WASHINGTON (CN) - President Donald Trump's pick for U.S. ambassador to Israel piled on apology after apology at his confirmation hearing Thursday for firebrand remarks that Democrats say make him unfit for the job.
One remark that tripped up attorney David Friedman this afternoon was his statement that Jews who advocate for peace with Palestine are “far worse” than the concentration-camp prisoners who helped their Nazi captors supervise forced labor.
Sen. Tom Udall, D-N.M., called Friedman "profoundly unfit" to serve based on his history of "offensive, inflammatory and insulting rhetoric.”
"If we confirm him we are running a dangerous risk that Mr. Friedman will inflame a volatile situation and inflame other foreign governments in the region," Udall said.
"We need a steady hand in the Middle East, not a bomb thrower in a position of high power and responsibility," Udall added.
More than once during the hearing, Friedman apologized, expressed regret and said he could not rationalize some of his prior public statements.
"I have and will continue to reject inflammatory comments," Friedman said in response to Udall's comments.
Friedman said he has reached out in recent months to make amends with those he has offended and hurt.
After several hours of sometimes uncomfortable questioning, Sen. Bob Corker, R-Tenn., called Friedman's disavowals “fairly extraordinary,” a dramatic departure from what normal politicians sometimes have to do.
"I'm just curious about this job and its importance to you to be willing to recant every single strongly held belief that you have," added Corker, who chairs the Senate Foreign Relations Committee.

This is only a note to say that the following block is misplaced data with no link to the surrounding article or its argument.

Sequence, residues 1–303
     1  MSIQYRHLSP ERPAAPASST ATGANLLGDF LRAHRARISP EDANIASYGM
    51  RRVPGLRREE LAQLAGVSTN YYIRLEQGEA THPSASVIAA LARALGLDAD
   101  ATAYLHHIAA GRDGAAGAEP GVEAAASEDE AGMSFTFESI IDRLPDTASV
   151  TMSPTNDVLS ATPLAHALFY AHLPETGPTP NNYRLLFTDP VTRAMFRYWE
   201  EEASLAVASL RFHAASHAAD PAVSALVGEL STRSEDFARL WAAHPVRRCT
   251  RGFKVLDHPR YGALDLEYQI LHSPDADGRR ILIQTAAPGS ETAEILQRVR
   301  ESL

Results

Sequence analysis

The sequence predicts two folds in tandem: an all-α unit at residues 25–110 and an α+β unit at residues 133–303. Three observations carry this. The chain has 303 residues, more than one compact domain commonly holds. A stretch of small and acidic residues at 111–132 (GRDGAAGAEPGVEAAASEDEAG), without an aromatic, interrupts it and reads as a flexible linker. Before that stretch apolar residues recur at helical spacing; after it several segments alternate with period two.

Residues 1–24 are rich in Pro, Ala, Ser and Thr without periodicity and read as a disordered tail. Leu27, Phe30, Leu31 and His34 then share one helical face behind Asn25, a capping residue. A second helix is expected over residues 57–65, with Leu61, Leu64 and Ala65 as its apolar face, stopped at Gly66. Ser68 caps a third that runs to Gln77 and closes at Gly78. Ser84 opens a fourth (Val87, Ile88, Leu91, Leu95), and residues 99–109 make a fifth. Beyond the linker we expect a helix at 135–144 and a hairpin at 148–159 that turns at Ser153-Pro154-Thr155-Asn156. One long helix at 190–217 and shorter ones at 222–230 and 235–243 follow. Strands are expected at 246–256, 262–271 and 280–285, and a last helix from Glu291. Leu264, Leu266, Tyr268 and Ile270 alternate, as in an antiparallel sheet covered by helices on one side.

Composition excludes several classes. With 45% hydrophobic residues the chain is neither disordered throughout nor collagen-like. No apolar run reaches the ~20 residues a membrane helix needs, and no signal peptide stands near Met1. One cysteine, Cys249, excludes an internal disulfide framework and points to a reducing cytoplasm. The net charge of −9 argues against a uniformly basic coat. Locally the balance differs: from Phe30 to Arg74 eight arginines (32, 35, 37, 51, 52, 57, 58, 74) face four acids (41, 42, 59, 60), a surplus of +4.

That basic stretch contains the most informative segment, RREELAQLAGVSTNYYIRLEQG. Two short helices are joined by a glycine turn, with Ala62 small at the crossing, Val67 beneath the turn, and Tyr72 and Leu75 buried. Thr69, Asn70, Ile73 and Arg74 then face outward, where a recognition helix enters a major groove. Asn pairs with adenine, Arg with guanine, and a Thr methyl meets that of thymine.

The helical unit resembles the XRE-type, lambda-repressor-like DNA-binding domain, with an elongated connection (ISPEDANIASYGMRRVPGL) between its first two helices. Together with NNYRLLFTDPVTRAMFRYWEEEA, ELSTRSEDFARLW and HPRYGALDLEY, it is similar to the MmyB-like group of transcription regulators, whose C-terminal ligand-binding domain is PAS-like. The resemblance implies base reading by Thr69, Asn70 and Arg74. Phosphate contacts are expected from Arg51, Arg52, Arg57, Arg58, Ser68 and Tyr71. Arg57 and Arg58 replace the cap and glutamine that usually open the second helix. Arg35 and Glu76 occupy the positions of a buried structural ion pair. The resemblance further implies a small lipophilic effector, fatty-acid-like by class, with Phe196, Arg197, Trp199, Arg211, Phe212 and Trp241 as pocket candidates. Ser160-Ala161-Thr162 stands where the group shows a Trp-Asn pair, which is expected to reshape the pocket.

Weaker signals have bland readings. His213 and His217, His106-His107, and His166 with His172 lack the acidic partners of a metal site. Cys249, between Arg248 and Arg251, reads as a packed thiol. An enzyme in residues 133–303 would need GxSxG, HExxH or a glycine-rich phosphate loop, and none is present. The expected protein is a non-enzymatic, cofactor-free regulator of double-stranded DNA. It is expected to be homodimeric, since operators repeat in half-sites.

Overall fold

Friedman called strengthening the bond between the U.S and Israel of utmost importance to him. "This is something that I really want to do because I think I can do it well," he said.
It was just this past June that Friedman called those aligned with the liberal Jewish, pro-peace advocacy group J Street as "far worse than kapos,” the word Jews use for concentration-camp prisoners who supervised forced labor for the Nazis.
"I have profound differences of opinion with J Street," Friedman said, noting that he does not think that will change.
"My regret is that I did not express those views respectfully," he added.
Democratic senators also raked Friedman over the coals Thursday for calling former President Barack Obama an anti-Semite and calling Sen. Tim Kane an Israel basher. Kane had been Hillary Clinton’s running mate in the November presidential election.
In his prepared testimony, Friedman tried to reassure the senators that they can expect to see different behavior from him once confirmed.
"From my perspective, the inflammatory rhetoric that accompanied the presidential campaign is entirely over, he said. “If I am confirmed, you should expect that my comments will be respectful and measured," he added.
Udall voiced skepticism of this. "Anyone who disagrees with his extreme views or approach to Israel is an anti-Semite," Udall said.